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ḤASDAI, ABRAHAM BEN SAMUEL HALEVI:

Hebrew translator; lived in Barcelona about 1230. He is supposed to have been the son of the poet Samuel ibn Abraham ibn Ḥasdai ha-Levi (1165-1216; Grätz, "Geschichte," vi. 195). Abraham Ḥasdai was an enthusiastic partizan of Maimonides, and took part in the struggle between the followers and the opponents of that philosopher. He sent a letter to Judah ibn al-Fakhar of Toledo (see Buxtorf, "Institutio Epistolaris Hebraïca," p. 433, Basel, 1729) in which he expressed the hope of converting him to the Maimonidean Party. At the same time he blamed himfor his attacks on the old grammarian David Ḳimḥi, and alluded to Meïr ben Todros ha-Levi Abulafia, the other principal adversary of Maimonides, in terms of censure. Moreover, he addressed a letter (Maimonides, "Teshubot, She'elot we-Iggerot," p. 346, Constantinople, 1520-40) to the same Abulafia, in which he expressed astonishment that a man of the latter's connections and position should unite with those who opposed Maimonides and despised a man like David Ḳimḥi. He addressed another letter, in conjunction with his brother Judah (see "Oẓar Neḥmad," ii. 171), to the Jews of Castile, Aragon, Navarre, and Leon, severely arraigning the anti-Maimonidists, who, in their fanaticism, had caused the monks to burn some of Maimonides' writings in Paris and Montpellier.

Ibn Ḥasdai was an industrious translator from Arabic into Hebrew; some Arabic works are known only through his translations. Among his translations are the following: (1) "Sefer ha-Tappuaḥ," from the pseudo-Aristotelian "Kitab al-Tuffaḥah" (Venice, 1519, frequently reprinted; Latin transl. "Biga Dissertationum," Giessen, 1706; German transl. by J. Musen, Lemberg, 1873). The original Arabic text is lost. (2) "Mozene Ẓedeḳ," from Ghazali's ethical work entitled "Mizan al-'Amal." It was published by J. Goldenthal, who rejected Ibn Ḥasdai's for the original Arabic title of Ghazali (Leipsic, 1839). The Arabic original has been lost. Ibn Ḥasdai's translation replaces Ghazali's quotations from the Koran and the Sunna with their equivalents from Bible and Talmud (see Jellinek in "Orient, Lit." v. 573, and Goldenthal's answer to Jellinek in ib. vi. 393). (3) "Sefer ha-Yesodot," from Isaac Israeli's "Kitab al-Istiḳat" (German transl. by S. Fried, "Das Buch der Elemente," Frankfort-on-the-Main, 1900; first appeared as inaugural dissertation, Leipsic, 1884). Ibn Ḥasdai translated the book at the request of David Ḳimḥi; and some passages, compared by Steinschneider, agree exactly with the Latin translation supposed to have been made by Gerard of Cremona. Another Hebrew translation of the book is supposed to be by Moses ibn Tibbon, though both translations have the introduction of Ibn Ḥasdai (see S. Fried's translation, p. 73). The Arabic original is lost. (4) Maimonides' "Sefer ha-Miẓwot." Fragments of Ḥasdai's translation are preserved in quotations by Naḥmanides and Aaron ha-Levi, contained in M. Bloch's "Le Livre des Préceptes," p.26 (Paris, 1888). (5) Maimonides' "Iggeret Teman." Two passages of Ibn Ḥasdai's translation are given in Steinschneider's "Hebr. Bibl." (xv. 62). There are two other Hebrew translations in existence of both of the foregoing books of Maimonides. (6) "Ben ha-Melek we ha-Nazir" (see Barlaam and Josaphat). The question as to how far Ibn Ḥasdai introduced new stories into the old framework, and as to which Arabic translation of the original Persian or Indian he used, can not at present be determined; but his version is one of the most important factors in the critical inquiry as to how this story of the Buddha was transmitted from East to West. The Hebrew style of Ibn Ḥasdai's translations is elegant and clear. According to De Rossi he also wrote ḥiddushim on several Talmudic treatises (Parma MS. No. 1162, iii. 84); but Steinschneider doubts this (see Benjacob, "Oẓar ha-Sefarim," p. 174).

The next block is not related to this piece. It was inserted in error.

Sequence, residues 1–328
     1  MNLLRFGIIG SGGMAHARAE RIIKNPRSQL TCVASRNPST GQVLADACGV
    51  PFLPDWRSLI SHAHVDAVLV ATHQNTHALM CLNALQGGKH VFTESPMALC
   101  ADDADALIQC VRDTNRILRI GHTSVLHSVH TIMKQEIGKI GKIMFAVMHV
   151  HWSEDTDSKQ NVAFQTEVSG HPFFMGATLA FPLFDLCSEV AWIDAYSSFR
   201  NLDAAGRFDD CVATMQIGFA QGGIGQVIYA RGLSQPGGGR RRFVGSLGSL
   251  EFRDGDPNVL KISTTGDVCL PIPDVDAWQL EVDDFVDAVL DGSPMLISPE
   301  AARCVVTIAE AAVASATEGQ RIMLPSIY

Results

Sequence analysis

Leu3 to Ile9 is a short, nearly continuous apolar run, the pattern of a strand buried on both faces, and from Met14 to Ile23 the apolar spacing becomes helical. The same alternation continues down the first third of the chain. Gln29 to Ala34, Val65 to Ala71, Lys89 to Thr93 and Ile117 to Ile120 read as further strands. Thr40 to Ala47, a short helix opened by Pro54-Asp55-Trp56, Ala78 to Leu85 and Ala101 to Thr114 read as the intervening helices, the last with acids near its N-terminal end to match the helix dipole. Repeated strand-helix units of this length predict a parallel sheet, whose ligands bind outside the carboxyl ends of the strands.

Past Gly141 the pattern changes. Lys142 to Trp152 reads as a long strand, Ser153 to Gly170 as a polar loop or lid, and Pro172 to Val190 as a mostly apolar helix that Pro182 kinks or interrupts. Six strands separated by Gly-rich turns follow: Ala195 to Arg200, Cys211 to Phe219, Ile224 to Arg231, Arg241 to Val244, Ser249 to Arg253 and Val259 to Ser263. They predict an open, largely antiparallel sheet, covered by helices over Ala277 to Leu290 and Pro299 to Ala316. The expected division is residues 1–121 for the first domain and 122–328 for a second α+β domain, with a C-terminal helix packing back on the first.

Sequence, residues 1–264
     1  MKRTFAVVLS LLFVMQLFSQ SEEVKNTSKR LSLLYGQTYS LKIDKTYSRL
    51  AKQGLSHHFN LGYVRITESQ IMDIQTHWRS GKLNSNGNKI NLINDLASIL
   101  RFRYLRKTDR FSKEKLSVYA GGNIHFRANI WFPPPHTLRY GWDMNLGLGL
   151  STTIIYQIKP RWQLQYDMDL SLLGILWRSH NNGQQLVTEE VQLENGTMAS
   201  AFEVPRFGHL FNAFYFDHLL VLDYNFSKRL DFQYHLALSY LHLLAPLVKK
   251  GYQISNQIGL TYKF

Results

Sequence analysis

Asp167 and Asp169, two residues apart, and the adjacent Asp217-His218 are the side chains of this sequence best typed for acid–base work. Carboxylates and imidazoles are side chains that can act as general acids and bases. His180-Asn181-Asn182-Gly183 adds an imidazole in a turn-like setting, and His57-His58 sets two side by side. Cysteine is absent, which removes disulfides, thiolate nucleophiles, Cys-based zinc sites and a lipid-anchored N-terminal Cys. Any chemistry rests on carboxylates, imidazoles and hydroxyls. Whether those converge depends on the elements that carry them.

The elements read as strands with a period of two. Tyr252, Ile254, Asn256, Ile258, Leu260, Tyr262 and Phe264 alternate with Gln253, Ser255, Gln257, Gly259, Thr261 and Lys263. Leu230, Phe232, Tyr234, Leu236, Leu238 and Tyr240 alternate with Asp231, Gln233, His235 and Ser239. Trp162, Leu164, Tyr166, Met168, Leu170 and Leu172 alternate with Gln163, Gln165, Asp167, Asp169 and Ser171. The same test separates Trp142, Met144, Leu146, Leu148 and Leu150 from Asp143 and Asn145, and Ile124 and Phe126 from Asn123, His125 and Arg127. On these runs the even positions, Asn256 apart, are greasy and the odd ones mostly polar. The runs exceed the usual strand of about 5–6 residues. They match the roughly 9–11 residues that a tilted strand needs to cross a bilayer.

Bibliography:
  • Steinschneider, Cat. Bodl. p. 673;
  • idem, Jewish Literature, pp. 89, 96, 173, 174;
  • idem, Hebr. Uebers. pp, 268, 342, 391, 863, 927, 930;
  • Grätz, Gesch. vi. 195; vii. 55, 56, 78, 373;
  • Cassel, Lehrbuch der Jüdischen Gesch. und Litteratur, p.277;
  • Brüll, Jahrb. iv. 20, 32.
J. M. Sc.
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